Trump's New "Remain In Mexico" Policy Will Force Migrants To Wait In Mexico While Awaiting Asylum

Central Americans arriving at the US-Mexico border will have to wait in Mexico while their asylum claims are processed under a series of new immigration measures the Trump administration is preparing to implement as early as Friday, reports the Washington Post

Under the new rules according to DHS memos obtained by the Post, if asylum seekers cannot establish a "reasonable fear" of persecution in Mexico, they will not be allowed to enter the United States while their applications are processed, and would be turned around at the border. 

The plan, called “Remain in Mexico,” amounts to a major break with current screening procedures, which generally allow those who establish a fear of return to their home countries to avoid immediate deportation and remain in the United States until they can get a hearing with an immigration judge. Trump despises this system, which he calls “catch and release,” and has vowed to end it. -WaPo

Thousands of Central American migrants set out for the United States in October with the expectation that those who applied for asylum would be allowed to remain in the US until their cases are processed through immigration courts.

White House senior adviser Stephen Miller has advocated for immediate implementation of the Remain in Mexico plan, however other senior officials have reportedly expressed concern over implementing it while the United States is in "sensitive negotiations with the Mexico Government," according to two DHS officials and a White House adviser who apparently isn't a big fan of the idea. 

According to the administration’s new plan, if a migrant does not specifically fear persecution in Mexico, that is where they will stay. U.S. Citizenship and Immigration Services is sending teams of asylum officers from field offices in San Francisco, Washington, and Los Angeles to the ports of entry in the San Diego area to implement the new screening procedures, according to a USCIS official.

To cross into the United States, asylum seekers would have to meet a relatively higher bar in the screening procedure to establish that their fears of being in Mexico are enough to require immediate admission, the documents say. -WaPo

Asylum seekers will be told: "If you are determined to have a reasonable fear of remaining in Mexico, you will be permitted to remain in the United States while you await your hearing before an immigration judge," and "If you are not determined to have a reasonable fear of remaining in Mexico, you will remain in Mexico."

On Wednesday, DHS spokeswoman Katie Waldman issued a statement that there are no immediate plans to implement Remain in Mexico.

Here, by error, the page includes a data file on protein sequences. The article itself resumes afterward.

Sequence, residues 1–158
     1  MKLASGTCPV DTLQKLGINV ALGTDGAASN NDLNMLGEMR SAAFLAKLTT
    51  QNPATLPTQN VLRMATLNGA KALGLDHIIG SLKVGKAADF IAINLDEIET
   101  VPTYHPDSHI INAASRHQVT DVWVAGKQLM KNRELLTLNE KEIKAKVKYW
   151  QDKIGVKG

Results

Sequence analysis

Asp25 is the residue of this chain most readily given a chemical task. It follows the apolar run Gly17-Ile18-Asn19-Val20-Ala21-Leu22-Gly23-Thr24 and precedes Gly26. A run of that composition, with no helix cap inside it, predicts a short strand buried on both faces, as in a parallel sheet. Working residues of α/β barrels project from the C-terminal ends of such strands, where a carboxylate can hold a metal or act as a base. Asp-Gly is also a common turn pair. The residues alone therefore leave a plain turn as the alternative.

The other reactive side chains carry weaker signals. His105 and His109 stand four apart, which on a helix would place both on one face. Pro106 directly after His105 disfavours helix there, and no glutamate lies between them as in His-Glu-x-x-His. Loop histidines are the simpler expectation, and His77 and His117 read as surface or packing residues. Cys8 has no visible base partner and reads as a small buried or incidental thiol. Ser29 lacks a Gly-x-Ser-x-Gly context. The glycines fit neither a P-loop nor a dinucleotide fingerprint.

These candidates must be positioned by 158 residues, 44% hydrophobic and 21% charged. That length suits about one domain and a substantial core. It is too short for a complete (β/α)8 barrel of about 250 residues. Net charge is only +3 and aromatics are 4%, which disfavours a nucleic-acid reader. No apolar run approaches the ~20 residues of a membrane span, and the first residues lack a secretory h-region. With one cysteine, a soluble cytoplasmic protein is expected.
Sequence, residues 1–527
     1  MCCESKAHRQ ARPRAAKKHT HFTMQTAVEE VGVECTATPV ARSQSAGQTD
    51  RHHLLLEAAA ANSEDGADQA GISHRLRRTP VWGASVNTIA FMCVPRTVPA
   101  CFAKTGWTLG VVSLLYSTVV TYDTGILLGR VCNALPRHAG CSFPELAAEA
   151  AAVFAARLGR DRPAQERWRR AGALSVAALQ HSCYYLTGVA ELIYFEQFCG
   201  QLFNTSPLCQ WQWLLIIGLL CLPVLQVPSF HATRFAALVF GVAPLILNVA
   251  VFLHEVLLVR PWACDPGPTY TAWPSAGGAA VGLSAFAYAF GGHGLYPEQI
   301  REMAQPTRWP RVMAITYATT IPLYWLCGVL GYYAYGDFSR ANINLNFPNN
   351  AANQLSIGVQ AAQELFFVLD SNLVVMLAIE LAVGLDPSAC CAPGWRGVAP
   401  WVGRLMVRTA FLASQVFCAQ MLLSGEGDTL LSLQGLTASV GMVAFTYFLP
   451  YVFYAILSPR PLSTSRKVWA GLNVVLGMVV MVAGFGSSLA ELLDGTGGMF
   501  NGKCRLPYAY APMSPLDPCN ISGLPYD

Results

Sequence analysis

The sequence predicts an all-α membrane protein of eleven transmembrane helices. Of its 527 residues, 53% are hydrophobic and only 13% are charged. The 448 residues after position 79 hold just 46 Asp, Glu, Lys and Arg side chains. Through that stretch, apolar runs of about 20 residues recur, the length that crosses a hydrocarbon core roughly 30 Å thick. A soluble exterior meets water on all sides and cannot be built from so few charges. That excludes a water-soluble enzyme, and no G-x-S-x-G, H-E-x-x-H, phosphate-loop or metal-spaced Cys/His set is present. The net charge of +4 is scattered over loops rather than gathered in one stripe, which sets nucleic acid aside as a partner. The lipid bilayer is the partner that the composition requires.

"The President has made clear — every single legal option is on the table to secure our nation and to deal with the flood of illegal immigrants at our borders," the statement reads. "DHS is not implementing such a new enforcement program this week. Reporting on policies that do not exist creates uncertainty and confusion along our borders and has a negative real world impact. We will ensure — as always — that any new program or policy will comply with humanitarian obligations, uphold our national security and sovereignty, and is implemented with notice to the public and well coordinated with partners."

Current Mexican immigration laws doe not allow those seeking asylum in another country to stay in Mexico, according to the Post's sources. There are currently 6,000 or so migrants in the Tijuana area, most of whom are camped at a baseball field along the border as they wait to be able to enter the United States. DHS estimates that several thousand more are en route as part of caravan groups. 

The possibility that thousands of U.S.-bound asylum seekers would have to wait in Mexico for months, even years, could produce a significant financial burden for the government there, especially if the migrants remain in camps and shelters on a long-term basis. -WaPo

Between 60 and 100 asylum seekers are allowed to approach the San Ysidro port of entry each day for processing. 

Mexico, meanwhile, appears to be taking a harder approach toward the new migrant caravans crossing into the country from Central America - mostly El Salvador. Over 200 people have been detained from the latest caravan - the fourth group of migrants to make their way north. 

Meanwhile, 34 caravan migrants were arrested by Tijuana police for misdemeanor charges, including drug possession and public drunkenness. 

The first group of migrants were offered to live and work in Mexico as long as they stayed in the southern states of Chipas and Oaxaca. Most of them declined.